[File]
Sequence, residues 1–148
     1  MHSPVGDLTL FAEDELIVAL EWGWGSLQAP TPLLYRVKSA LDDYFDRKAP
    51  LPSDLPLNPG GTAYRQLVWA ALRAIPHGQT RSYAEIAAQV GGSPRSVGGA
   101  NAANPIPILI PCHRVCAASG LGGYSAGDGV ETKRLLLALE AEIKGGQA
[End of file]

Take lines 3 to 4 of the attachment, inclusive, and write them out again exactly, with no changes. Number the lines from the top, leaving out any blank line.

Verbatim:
    51  LPSDLPLNPG GTAYRQLVWA ALRAIPHGQT RSYAEIAAQV GGSPRSVGGA
   101  NAANPIPILI PCHRVCAASG LGGYSAGDGV ETKRLLLALE AEIKGGQA